I found a highly interesting reference to Sweden and the early Rosicrucians just recently, made by the French esotericist Jacques-Etienne Marconis de Negre, one of the founders of the Memphis Rite in 1839, which I would like to share with you on this New Year Day’s Eve.
In 1849 Marconis de Negre published Le Sanctuaire de Memphis (“The Sanctuary of Memphis”), which basically presents an sligthly alternative Templar legend regarding the origin of the Rosicrucian and Masonic Orders. It starts off with the usual account of Ormus, his conversion to Christianity by S:t Mark, the union of his school with that of the Essenians and other Jewish sects. But where it gets really interesting is where we reach the age of the crusades. Let me quote the pertinent part:
Untill 1118, Ormus’ disciples were the only depositories of the ancient Wisdom of Egypt (purified by Christianity), as well as of the Templar Science. These were known as Knights of Palestine or Rosicrucian Brethren of the Orient, that the (Masonic) Rite of Memphis regards as its immediate founders.This reference to Upsala in a Masonic context I have never seen before. Upsala is the former Capital of Sweden, and was a centre of commerce during the Viking age. Today it is a city of learning, housing one of the greatest Universities in Sweden. There are also supposed to be remnants of some Swedish churches originally built by Templars. Historical research shows that there was a quite significant presence of Templars in Sweden during the reign of House of Bjelbo (also known as the House of Folkung), which went so far to even embrace members of this Royal House as members of the Templar Order, through which the latter received both land and mansions from the former.
In 1150, eighty-one of them arrived at Sweden, having Garimont as their leader, and presented themselves to the archbishop of Upsala, to whom they bequeathed the heritage of Masonic knowledge. These eighty-one Masons established Free-Masonry in Europe.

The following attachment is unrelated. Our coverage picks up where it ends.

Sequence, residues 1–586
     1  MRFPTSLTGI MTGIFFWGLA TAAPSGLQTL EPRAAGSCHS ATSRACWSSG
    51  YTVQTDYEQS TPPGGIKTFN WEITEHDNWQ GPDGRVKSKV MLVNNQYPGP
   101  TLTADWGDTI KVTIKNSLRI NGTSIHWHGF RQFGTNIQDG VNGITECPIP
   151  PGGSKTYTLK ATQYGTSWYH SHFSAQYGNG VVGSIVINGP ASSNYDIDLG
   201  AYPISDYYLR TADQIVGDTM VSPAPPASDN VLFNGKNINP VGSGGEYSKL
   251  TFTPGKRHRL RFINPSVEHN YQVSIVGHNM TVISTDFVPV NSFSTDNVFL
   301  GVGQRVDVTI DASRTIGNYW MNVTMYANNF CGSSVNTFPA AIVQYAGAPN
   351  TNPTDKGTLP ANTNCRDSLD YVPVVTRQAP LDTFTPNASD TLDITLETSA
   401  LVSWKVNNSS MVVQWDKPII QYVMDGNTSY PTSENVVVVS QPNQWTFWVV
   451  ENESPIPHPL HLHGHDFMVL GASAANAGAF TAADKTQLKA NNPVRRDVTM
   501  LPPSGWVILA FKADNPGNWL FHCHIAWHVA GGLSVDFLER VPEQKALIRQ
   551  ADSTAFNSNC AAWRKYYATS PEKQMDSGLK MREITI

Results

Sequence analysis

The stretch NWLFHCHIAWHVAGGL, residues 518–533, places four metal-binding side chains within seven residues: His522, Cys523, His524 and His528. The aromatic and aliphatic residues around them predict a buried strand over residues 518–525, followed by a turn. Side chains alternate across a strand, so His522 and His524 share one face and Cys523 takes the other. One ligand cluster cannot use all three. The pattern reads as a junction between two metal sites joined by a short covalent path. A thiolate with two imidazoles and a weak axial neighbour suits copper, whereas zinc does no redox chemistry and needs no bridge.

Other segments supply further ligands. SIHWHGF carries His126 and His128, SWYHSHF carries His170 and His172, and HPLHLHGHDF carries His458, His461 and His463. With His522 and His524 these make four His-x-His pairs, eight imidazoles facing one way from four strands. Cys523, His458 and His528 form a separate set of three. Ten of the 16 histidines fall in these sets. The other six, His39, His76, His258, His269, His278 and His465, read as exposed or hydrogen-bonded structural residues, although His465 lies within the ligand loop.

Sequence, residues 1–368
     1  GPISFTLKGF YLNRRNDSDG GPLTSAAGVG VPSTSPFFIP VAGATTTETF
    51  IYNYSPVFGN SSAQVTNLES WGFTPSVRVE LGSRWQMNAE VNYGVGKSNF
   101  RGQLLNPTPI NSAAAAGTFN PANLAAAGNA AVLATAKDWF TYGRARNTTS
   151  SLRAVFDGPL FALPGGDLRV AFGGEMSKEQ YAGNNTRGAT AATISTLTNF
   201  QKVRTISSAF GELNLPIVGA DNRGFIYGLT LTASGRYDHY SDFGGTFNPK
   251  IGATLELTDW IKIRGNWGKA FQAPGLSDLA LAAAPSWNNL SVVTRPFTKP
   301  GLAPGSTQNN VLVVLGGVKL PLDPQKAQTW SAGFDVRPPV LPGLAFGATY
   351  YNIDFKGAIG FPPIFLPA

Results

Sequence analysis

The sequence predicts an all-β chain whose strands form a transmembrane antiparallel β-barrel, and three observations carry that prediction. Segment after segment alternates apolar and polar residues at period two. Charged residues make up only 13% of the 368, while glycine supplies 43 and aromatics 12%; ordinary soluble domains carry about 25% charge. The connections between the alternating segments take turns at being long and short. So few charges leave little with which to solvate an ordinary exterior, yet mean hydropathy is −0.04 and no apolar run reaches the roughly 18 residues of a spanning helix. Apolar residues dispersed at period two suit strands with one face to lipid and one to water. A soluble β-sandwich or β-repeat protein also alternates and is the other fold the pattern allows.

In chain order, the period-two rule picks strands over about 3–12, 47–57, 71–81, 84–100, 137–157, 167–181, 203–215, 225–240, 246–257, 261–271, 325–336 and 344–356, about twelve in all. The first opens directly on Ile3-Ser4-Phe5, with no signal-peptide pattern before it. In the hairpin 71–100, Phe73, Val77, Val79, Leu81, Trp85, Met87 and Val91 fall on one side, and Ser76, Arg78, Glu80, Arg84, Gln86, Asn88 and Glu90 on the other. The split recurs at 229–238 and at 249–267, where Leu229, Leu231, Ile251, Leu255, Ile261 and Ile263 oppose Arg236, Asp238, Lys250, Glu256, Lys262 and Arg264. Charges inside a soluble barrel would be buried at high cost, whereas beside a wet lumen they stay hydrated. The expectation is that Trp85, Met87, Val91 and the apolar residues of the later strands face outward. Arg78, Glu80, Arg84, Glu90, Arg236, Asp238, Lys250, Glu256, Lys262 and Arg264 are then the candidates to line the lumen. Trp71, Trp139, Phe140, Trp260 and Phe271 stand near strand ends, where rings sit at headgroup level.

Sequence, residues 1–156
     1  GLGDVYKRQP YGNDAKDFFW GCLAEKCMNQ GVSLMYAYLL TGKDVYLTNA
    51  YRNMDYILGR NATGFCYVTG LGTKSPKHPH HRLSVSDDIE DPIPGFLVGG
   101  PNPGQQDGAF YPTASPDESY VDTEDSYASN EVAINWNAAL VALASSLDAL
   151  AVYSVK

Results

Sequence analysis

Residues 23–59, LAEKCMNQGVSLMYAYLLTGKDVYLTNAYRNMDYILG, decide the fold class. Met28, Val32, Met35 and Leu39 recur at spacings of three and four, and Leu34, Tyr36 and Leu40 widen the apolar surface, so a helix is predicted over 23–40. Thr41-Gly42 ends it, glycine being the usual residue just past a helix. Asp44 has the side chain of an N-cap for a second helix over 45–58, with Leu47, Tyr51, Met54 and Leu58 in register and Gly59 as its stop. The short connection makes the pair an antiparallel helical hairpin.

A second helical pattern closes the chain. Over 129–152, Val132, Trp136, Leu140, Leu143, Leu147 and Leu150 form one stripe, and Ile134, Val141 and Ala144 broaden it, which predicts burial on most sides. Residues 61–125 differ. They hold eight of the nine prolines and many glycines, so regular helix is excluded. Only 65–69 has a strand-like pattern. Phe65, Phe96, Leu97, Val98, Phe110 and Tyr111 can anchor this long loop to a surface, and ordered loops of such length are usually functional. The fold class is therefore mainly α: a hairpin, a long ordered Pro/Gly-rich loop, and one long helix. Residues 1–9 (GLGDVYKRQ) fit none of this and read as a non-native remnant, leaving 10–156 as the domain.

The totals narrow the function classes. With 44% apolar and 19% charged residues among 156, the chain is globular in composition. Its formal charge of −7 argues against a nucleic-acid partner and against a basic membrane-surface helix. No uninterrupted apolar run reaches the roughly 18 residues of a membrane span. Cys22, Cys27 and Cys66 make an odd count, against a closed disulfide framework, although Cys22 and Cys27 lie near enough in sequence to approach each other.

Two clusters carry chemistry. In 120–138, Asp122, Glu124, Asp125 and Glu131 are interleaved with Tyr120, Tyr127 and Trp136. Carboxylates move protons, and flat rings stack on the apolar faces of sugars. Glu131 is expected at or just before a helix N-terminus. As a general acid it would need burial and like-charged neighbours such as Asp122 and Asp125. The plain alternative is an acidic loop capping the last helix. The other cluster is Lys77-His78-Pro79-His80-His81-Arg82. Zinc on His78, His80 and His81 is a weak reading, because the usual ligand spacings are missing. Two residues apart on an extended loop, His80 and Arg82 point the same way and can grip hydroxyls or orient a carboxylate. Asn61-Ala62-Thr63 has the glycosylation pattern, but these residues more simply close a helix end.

After the death of Jacques de Molay, the Scottish Templars, apostates at the king’s (Robert Bruce’s) instigation, gathered under the standards of a new Order that this prince had instituted. The receptions in this Order were based in those of the Order of the Temple. Here is the origin of the Scottish Masonic Rite – and of the other Masonic Rites as well.
The Scottish Templars were excommunicated by Larmenius in 1324. This date agrees with the one given by Br. Chereau, regarding the separation of the Masons of Edinbourg with the Masons of Memphis: 1322, which is two years earlier.
The Masons of Memphis rested faithful to the ancient traditions; the others founded a new Rite, called Rite of Heredom de Kilwinning or of Scotland.
Thus, from the late 14th century, two Rites exist: the Rite of Memphis or of the Orient and the Scottish one. Both continue to attract followers all over Europe.
But this connection of the Masonic and Rosicrucian legend made to Sweden is original. According to this legend Masonry was introduced to Sweden one and a half century prior to it finding its ground in Scotland. Furthermore, masonry of Sweden is here portrayed as being the esoteric and Rosicrucian one while the Scottish one is practically labelled as exoteric, being that of Blue Lodge Freemasonry. Even if this is just another of several fanciful Rosicrucian legends, I find this one particularly fancy and likable being a Swede.
I wish you all a Happy New Year!